For the second game in a row, the Royals took the lead before the Blue Jays' starting pitcher could work up a sweat. This time, Kansas City poured on four runs, the most of any team in the first inning of a 2015 postseason game, a disastrous result for R.A Dickey, particularly because the Blue Jays didn't come back. With a resounding 14-2 victory, Kansas City is now now one win away from its second straight trip to the World Series, while Toronto has to summon some of the rare magic to be come the 13th team to come back from a three-games-to-one deficit in a best-of-seven postseason series, a count that includes the 1985 Royals’ comeback against the Blue Jays.
three four quick thoughts on the game:
Rotation woes starting to catch up to Toronto
Pulled in controversial fashion 4 2/3 innings into his Division Series Game 3 start, Dickey didn't even last that long this time around. Just four pitches into Tuesday's game, he had already allowed more runs than in that outing. After Alcides Escobar led off with a single, Ben Zobrist smoked a high knuckleball for a two-run homer to right-centerfield, but the 40-year-old flutterballer's woes were only beginning.
Lorenzo Cain worked a six-pitch walk and then quickly swiped second base, the first steal against Dickey since July 4. Cain advanced to third on an Eric Hosmer single up the middle, and scored on a passed ball when the pitcher himself couldn't get the tag down fast enough. A Kendrys Morales groundout advanced Hosmer to third, and he trotted home on Mike Moustakas' sacrifice fly. Including Alex Rios' second-inning solo homer, the Royals scored five runs against Dickey before he could even turn the lineup over. His afternoon ended after just 48 pitches, and it took a pickoff of Cain by reliever Liam Hendriks — who wound up retiring all 12 batters he faced as well — before he could even throw his first pitch to avoid further damage before the Blue Jays could bat again. A quick highlight reel:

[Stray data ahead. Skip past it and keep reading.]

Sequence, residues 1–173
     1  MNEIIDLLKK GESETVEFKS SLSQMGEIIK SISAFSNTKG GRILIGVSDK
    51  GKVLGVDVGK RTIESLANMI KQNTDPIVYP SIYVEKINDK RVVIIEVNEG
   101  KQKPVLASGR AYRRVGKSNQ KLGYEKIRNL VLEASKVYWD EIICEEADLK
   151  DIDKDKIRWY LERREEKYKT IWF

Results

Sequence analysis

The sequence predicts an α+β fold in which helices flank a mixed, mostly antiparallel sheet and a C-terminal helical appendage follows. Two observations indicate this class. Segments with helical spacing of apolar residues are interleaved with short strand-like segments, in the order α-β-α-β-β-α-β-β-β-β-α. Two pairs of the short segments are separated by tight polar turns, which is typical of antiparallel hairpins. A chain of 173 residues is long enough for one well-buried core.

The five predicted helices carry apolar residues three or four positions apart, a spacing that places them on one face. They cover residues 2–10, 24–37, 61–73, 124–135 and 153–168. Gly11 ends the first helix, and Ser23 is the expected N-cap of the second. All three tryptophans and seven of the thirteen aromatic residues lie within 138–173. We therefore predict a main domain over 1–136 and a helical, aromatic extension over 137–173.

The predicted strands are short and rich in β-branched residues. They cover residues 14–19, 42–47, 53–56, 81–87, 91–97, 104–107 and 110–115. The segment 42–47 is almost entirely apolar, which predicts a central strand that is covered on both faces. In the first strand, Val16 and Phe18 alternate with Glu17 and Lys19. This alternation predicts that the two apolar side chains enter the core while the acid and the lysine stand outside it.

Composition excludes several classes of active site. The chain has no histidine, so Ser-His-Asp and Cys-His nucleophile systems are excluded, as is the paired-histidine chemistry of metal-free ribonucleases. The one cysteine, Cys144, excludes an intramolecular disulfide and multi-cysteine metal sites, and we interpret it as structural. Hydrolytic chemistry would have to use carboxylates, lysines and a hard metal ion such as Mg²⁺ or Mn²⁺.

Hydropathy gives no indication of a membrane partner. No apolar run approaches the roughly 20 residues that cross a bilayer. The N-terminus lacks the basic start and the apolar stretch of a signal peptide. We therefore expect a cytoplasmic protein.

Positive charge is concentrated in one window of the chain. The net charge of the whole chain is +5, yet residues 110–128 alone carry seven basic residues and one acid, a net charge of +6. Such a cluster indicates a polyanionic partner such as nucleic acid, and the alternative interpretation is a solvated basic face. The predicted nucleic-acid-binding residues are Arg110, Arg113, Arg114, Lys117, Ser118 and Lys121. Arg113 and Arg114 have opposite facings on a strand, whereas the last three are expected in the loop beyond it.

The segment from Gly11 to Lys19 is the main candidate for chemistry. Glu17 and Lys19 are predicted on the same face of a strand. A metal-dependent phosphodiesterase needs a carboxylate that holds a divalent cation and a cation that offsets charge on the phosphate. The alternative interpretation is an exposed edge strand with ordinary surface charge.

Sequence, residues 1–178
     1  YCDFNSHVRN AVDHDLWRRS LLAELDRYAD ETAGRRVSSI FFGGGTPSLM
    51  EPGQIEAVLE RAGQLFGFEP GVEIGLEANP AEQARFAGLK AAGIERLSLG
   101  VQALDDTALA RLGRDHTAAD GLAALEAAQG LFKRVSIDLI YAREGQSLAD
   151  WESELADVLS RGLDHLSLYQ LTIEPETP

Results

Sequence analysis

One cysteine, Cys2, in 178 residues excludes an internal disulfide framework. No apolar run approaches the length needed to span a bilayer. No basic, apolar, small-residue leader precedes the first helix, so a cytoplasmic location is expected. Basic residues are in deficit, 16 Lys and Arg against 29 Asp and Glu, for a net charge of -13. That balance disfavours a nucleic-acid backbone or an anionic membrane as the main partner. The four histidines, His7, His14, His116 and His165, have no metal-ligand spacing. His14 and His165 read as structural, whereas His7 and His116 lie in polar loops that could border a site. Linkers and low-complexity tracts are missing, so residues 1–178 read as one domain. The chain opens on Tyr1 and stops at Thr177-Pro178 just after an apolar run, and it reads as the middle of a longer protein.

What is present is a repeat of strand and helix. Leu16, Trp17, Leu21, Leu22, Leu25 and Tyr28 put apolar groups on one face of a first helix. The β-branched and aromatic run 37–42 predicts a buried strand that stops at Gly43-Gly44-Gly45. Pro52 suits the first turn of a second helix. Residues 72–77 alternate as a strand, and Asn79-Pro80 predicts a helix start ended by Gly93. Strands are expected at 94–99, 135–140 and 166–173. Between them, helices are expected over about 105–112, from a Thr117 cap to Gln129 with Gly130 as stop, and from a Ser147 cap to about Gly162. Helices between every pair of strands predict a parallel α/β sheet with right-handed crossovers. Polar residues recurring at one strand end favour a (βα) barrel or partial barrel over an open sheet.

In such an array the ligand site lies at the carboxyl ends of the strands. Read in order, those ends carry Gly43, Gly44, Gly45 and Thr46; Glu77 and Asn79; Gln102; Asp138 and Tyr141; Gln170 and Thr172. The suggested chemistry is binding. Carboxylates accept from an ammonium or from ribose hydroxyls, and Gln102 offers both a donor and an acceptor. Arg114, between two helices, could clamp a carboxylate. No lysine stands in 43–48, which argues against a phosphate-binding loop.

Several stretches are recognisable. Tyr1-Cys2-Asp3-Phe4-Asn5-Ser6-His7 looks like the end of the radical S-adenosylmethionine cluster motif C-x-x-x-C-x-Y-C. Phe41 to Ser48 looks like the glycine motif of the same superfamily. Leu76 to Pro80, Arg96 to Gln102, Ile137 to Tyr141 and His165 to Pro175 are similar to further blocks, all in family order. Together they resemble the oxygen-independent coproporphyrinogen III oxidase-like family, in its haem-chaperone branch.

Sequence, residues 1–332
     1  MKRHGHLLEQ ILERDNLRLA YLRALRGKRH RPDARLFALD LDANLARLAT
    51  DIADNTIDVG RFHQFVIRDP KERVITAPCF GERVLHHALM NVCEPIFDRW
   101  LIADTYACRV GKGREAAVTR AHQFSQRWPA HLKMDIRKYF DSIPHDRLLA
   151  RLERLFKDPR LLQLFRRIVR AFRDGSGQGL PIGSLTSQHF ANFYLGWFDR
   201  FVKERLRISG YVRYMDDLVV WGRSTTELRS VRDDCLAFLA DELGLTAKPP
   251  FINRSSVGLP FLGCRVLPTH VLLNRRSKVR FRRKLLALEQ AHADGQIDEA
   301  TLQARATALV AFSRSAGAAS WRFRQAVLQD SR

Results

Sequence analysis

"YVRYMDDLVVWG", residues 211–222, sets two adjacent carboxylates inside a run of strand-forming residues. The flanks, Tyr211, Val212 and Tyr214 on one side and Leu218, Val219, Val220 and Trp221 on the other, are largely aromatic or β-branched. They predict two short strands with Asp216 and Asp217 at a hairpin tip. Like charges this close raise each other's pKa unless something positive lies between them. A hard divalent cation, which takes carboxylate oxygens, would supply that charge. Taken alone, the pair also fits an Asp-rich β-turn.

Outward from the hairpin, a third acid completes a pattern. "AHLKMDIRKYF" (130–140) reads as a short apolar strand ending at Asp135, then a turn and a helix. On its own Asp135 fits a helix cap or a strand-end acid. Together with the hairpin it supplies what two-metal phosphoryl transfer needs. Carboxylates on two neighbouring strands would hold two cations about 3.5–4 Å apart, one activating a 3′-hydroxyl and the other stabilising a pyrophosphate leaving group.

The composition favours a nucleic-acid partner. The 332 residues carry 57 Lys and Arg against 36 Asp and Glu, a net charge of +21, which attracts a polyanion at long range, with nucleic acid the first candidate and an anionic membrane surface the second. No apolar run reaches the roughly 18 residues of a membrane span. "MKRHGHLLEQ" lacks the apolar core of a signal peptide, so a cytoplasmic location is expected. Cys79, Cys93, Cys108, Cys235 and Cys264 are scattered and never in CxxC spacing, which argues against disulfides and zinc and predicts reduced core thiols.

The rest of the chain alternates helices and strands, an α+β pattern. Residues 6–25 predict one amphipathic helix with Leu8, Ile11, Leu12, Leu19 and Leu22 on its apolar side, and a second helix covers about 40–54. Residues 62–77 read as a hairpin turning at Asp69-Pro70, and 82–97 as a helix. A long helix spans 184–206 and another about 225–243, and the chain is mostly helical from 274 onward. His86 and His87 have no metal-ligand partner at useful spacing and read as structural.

How badly did Dickey's start hurt? In the Division play era (1969 onward) just two out of 25 teams have come back to win a postseason game where their starter yielded at least five runs while exiting before completing a second inning. The 1988 A's rallied to win ALCS Game 3 against the Red Sox after a Bob Welch dud, as they tagged Boston starter Mike Boddicker for three home runs. The 1999 Red Sox came back to win the rubber game of the Division Series against the Indians 12-8 thanks in part to Pedro Martinez's six perfect innings out of the bullpen.
Including Marcus Stroman's 6 1/3 inning, 11-hit, four-run Game 3 start—which tied for the third-lowest game score (35) for a winning pitcher in a wild card-era postseason game—Dickey’s performance highlighted an ongoing problem for the Jays thus far. Their starters have been roughed up for a 5.12 ERA with just three quality starts out of nine. Mind you, the Royals starters have actually been worse via a 5.64 ERA and just two quality starts out of nine, but their bullpen has been far better than Toronto’s, producing a 2.36 ERA with 44 strikeouts in 34 1/3 innings, compared to Toronto’s 5.72 ERA with 25 strikeouts in 33 innings. What’s more, the Royals have scored five runs or more in seven straight games (a streak unmatched in the regular season, h/t Rany Jazayerli) and have averaged an MLB-high 6.44 runs per game this postseason. While the Blue Jays are second at 4.67 per game, they have scored at least five runs in just one of four games this series.
Quick hook pays off for Royals
Dickey's opposite number, Chris Young, fared better than his former Mets teammate, even if he didn't get the win. The 36-year-old righty retired the first eight Blue Jays he faced, then worked into and out of trouble in the third inning as the Rogers Centre crowd came to life. With one out, Ryan Goins and Ben Revere walked, and Josh Donaldson smoked a ground-rule double. That scored Goins, and then Revere scored on Jose Bautista's groundout, cutting the lead to 5-2, but Young rebounded to retire the next six batters he faced.